Relevance of Pyrolysis Products Derived from Sewage Sludge for Soil Applications

Vladimír Frišták, Diana Bošanská, Vladimír Turčan, Martin Pipíška, Christoph Pfeifer, Gerhard Soja

Publikation: Beitrag in FachzeitschriftArtikelBegutachtung


The recovery of sludge produced in the wastewater treatment process in WWTPs is often limited by the high content of toxic forms of contaminants of both an inorganic and organic nature. One of the options for the effective treatment of the world’s ever-increasing quantities of sewage sludge is the pyrolysis process. Thermochemical conversion of sewage sludge is emerging as a promising method for treating these heterogeneous and highly complex wastes with increasing research work. Pyrolysis-treated sewage sludge (PM) prepared at 603–615 °C was characterized by pH, EC, and CHN-S analysis; total and bioavailable concentrations of P and heavy metals (Cd, Cu, Fe and Zn); fractionation of bound forms of P and heavy metals in the material and determination of the presence of polycyclic aromatic hydrocarbons (PAHs). The studied material was subjected to ecotoxicological tests (Daphnia pulex L.) and cultivation tests (Lactuca sativa L.). Elemental analysis revealed the concentrations of heavy metals in PM: Fe (137,600 mg/kg), Zn (2602 mg/kg), Cu (582 mg/kg), Cr (107 mg/kg), Pb (87 mg/kg), Ni (67 mg/kg), As (<1 mg/kg), Hg (<2 mg/kg) and Cd (<1 mg/kg). The highest values of extractability of the investigated heavy metals from PM were found in the cases of Zn (HCl) and Fe (Mehlich 3), both values not exceeding 500 mg/kg. BCR sequential extraction showed the major concentrations of Cu and Fe were predominantly bound in the residual fraction (F4) and Zn in the reducible fraction (F2) of PM. The results of heavy metal bioavailability suggest that the addition of PM does not negatively affect the growth of lettuce biomass and the metal contents of plant tissues. Based on the results obtained, the pyrolysis material prepared from municipal sewage sludge seems to be a promising and innovative soil additive and a potential alternative to conventional inorganic fertilizers.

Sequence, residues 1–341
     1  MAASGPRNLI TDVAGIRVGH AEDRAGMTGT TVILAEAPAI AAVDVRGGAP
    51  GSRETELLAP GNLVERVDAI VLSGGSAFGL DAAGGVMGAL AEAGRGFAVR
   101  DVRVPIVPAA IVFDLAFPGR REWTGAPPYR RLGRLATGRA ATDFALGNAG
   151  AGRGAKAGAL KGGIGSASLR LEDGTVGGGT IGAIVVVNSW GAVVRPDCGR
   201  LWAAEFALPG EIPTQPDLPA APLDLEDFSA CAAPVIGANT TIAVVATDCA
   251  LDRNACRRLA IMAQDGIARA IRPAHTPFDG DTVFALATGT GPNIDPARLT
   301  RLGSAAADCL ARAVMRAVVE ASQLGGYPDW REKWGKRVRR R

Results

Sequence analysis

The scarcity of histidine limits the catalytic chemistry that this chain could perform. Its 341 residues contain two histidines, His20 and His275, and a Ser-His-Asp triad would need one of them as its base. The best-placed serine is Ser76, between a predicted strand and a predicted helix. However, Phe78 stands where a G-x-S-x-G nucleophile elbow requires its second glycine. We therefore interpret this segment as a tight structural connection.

PublikationsstatusVeröffentlicht - 29 Dez. 2022

Research Field

  • Ehemaliges Research Field - Health and Bioresources


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